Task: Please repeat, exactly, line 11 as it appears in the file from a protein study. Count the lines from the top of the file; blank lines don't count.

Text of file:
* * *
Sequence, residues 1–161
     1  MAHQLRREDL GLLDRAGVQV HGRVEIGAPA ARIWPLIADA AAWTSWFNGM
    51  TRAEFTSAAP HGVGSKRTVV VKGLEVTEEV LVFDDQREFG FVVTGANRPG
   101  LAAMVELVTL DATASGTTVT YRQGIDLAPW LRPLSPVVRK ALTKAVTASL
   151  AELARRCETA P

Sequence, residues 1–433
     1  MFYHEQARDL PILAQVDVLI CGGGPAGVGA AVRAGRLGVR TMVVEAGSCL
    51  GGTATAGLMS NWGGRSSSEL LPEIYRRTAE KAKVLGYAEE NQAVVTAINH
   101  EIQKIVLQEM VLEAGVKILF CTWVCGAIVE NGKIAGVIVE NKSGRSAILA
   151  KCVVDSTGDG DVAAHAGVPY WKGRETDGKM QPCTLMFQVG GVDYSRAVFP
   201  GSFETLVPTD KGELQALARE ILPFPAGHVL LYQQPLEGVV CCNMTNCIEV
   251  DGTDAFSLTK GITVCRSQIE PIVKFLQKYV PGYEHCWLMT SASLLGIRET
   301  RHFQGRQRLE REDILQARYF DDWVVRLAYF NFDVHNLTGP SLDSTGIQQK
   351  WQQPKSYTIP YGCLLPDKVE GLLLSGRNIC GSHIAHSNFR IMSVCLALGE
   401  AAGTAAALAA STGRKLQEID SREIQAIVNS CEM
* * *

   201  GSFETLVPTD KGELQALARE ILPFPAGHVL LYQQPLEGVV CCNMTNCIEV